Teaching is Not Just a Profession

Sunder Gandikota

Having been a professional in the manufacturing industry for some years, I have observed that a professional is liked by those who have gone beyond the profession and developed a deeper relationship with all around. One who has not this deeper relationship may even be successful in the long run sometimes, but would have won over only the minds of colleagues not their hearts. Also I have observed that even if one is not strictly professional, in the sense of being a task master, one can be equally successful in an organization. With this as one of the premises of my management philosophy, I made efforts to graduate out of a professional into an integral human being and expectedly found that from such a plane of operation the search for excellence, professionalism and humanism work synergically - without any contradiction.

Being a much deeper vocation, teaching demands that the entire individual be completely involved in a close relationship with students for a free communication to be established. Unless this happens teaching would be, in some sense, incomplete and defmitely not ajoyous experience for the teacher or the student. A relationship that remains supple enough for communication to remain open within a completely dynamic, evolving situation can only come about when the heart, soul and mind of the teacher are behind, and in, the act of teaching. This would appear to me to be possible only beyond the domain of professionalism. It may even be that some aspects of professionalism have to be unlearnt before such a deep relationship is struck with the students to enable an efficient, joyous and enriching experience to occur.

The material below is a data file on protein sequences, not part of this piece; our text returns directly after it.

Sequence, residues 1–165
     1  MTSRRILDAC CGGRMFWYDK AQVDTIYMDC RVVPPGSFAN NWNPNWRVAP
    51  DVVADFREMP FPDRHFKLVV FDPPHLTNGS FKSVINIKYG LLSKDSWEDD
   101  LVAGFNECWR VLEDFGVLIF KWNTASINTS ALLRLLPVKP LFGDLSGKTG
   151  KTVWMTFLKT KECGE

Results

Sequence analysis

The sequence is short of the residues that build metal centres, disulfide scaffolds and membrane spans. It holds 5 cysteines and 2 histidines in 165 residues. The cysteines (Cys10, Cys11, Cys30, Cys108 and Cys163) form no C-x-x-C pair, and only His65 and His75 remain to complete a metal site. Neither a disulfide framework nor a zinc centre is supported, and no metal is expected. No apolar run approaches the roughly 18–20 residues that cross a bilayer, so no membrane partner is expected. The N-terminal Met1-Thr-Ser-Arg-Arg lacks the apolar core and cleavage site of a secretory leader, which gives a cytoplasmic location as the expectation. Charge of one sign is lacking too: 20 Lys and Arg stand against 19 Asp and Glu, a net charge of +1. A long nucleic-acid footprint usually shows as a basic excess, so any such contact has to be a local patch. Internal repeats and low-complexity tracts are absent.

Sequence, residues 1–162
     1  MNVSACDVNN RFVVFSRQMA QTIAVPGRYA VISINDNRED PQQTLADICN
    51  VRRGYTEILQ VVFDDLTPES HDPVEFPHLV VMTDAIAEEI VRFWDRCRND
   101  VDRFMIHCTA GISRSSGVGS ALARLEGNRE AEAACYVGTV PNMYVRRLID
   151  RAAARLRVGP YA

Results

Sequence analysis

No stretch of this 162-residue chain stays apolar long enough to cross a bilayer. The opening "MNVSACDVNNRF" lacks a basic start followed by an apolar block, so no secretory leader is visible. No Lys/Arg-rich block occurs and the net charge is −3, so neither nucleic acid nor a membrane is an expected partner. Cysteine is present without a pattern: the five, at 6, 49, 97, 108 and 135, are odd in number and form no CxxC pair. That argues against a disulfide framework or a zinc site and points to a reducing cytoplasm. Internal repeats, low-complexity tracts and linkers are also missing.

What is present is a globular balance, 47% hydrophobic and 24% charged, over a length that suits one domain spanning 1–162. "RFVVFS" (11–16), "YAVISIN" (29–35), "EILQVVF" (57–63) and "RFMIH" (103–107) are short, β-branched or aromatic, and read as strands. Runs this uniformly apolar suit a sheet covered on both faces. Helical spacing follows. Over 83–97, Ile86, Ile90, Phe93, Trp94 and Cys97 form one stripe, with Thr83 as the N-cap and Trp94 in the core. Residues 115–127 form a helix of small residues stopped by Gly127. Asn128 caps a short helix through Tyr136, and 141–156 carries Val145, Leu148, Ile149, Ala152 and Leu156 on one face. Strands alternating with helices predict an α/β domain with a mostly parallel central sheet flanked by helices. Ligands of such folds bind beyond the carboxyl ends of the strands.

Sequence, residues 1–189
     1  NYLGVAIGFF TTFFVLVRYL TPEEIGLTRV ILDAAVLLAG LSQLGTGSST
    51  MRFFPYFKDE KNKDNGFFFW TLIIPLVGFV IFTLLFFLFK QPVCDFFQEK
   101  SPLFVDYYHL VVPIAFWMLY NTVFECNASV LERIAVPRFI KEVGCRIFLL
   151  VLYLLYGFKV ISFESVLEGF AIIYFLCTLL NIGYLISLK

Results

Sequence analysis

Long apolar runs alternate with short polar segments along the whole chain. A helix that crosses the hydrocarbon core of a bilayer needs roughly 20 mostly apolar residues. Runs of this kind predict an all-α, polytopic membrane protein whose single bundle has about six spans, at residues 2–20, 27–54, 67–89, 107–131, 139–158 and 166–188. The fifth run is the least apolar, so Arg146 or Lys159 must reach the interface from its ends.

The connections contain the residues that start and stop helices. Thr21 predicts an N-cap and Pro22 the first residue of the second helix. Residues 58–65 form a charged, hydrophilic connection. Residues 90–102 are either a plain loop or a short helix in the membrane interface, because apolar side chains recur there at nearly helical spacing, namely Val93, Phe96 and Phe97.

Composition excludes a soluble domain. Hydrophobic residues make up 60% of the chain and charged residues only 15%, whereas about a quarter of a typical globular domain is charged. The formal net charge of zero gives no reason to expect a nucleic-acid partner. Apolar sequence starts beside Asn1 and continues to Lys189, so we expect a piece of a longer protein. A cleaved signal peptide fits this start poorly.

Surely one would grant that there are some aspects of what we call 'professionalism' in teaching that do not come in the way of such a deep relationship with the student. For instance, can the teacher see the importance of planning a broad structure for the class which also allows sufficient flexibility to respond to the living quality of the student? He ensures that he is not just one step ahead of the students in a grasp of the subject, but has sufficient mastery to appreciate the frontiers of a discipline. He nurtures the capacity in himself to meet the students at their level of understanding and take them beyond. It requires a resolve not to depend on techniques of entertainment to artificially boost interest. Then, perhaps, establishing right relationship with students can go along with a concern for professional rigour.

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